The English man suddenly seemed to be extremely worried by something, and since Karl caught the word war in his sentence, he guessed it was the one thing that was making him so worried.

Karl looked at the man’s wife who gave her husband a sympathetic look, a look he had already seen in his father’s eyes before when he was still a child.

The next thing he knew, the woman was staring into his light blue eyes.

“I know we will never be able to replace your family, Carl; but we can’t let you be homeless. I’m sure anyone else who would have found you would have done the same thing as us.”

He preferred to see her smile rather than with that look on her face.

“If you want to see them again, you have to stay with us for now,” she then added.

Karl’s understanding of English wasn’t good enough yet to understand that.

So he just stood still, his face impassive.

“I don’t think he understood what you’ve just said…” her husband said.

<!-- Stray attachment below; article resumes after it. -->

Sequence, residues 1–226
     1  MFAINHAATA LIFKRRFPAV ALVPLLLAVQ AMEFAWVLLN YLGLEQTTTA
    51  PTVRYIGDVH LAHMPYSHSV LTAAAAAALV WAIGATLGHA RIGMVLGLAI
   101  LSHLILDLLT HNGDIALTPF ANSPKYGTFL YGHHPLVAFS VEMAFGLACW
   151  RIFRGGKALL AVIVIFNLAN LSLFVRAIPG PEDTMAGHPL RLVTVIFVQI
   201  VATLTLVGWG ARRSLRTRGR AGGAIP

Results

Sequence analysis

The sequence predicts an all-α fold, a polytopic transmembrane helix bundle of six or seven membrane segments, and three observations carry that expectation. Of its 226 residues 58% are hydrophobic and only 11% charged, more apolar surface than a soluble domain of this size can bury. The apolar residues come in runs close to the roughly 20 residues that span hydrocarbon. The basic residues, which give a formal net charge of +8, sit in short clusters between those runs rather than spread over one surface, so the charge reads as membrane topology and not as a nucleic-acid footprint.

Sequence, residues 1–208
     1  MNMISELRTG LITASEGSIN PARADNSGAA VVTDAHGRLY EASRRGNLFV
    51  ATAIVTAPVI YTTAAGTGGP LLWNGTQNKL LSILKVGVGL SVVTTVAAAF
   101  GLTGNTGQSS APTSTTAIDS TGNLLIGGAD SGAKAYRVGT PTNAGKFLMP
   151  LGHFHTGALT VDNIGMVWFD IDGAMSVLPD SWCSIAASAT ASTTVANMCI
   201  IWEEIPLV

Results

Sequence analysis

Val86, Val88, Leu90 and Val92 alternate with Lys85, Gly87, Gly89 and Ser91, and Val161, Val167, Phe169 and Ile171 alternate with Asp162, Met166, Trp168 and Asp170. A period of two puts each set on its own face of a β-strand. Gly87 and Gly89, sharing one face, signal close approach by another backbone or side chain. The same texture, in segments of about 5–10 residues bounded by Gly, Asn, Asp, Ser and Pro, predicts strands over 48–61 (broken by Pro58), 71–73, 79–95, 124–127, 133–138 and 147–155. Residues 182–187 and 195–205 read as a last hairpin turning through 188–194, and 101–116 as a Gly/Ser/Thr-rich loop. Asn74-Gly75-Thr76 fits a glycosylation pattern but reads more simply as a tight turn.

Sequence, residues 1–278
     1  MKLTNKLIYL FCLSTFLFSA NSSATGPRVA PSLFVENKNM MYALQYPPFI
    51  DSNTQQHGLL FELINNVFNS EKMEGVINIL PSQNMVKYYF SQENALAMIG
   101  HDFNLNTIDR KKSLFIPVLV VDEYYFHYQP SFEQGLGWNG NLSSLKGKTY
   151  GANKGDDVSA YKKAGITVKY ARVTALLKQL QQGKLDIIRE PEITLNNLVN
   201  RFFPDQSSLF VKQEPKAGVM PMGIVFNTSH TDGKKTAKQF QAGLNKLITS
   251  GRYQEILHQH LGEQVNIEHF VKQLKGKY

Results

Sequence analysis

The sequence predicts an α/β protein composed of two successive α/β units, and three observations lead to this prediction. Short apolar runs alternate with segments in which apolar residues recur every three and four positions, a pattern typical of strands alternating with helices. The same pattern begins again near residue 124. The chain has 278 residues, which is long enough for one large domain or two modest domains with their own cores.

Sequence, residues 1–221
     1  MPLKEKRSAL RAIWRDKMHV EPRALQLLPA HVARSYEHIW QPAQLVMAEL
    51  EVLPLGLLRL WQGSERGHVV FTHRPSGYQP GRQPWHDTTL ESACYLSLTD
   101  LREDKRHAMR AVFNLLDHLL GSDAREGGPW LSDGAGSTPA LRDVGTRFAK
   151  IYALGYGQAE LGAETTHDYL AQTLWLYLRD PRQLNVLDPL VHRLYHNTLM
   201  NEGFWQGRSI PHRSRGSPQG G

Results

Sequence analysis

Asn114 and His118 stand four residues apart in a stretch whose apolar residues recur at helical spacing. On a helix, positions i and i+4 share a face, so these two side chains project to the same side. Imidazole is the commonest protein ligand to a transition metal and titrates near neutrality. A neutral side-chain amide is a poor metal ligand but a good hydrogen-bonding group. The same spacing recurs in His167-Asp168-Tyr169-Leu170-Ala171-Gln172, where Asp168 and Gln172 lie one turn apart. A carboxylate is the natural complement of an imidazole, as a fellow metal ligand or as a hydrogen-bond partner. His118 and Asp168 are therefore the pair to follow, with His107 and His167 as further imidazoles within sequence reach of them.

The woman let out a quiet sigh.

“I wish I could be a better teacher…”

“You are a good teacher, Margaret,” her husband hurried to say. “You’re just not used to teaching our language to foreigners. That’s why it’s very complicated. But I’m pretty sure he’ll manage to become fluent in the end,” the man assured her.

“If he stays long enough with us to learn…”

The man didn’t reply, and he seemed to become worried again.

*

After they all ate some rice and steamed, chopped carrots, and after Paul bid goodnight to his parents as well as George and Karl and left to go back to his own place, the two young males were left alone in the room.

“I need to study again tonight,” George told Karl as he showed him a book, probably the same book as the one he had been so busy reading for the last two weeks.

Study. That was another word he could recognise and comprehend now.

“I hope you don’t mind if I leave the light on for a bit too long.”

Karl just observed him in silence as the meaning of George’s words was unknown to him.

“Licht,” George then said as he pointed at the lamp that enabled him to light the room.

Lys. Karl instantly made sense of the word. And of what George had meant.

“I do not,” he replied; it was easier for him not to use the contracted form because of the "diphthong" which was rather hard to pronounce. “You can…” he trailed off uncertainly. “Du kan lade det være på.”

You can leave it on.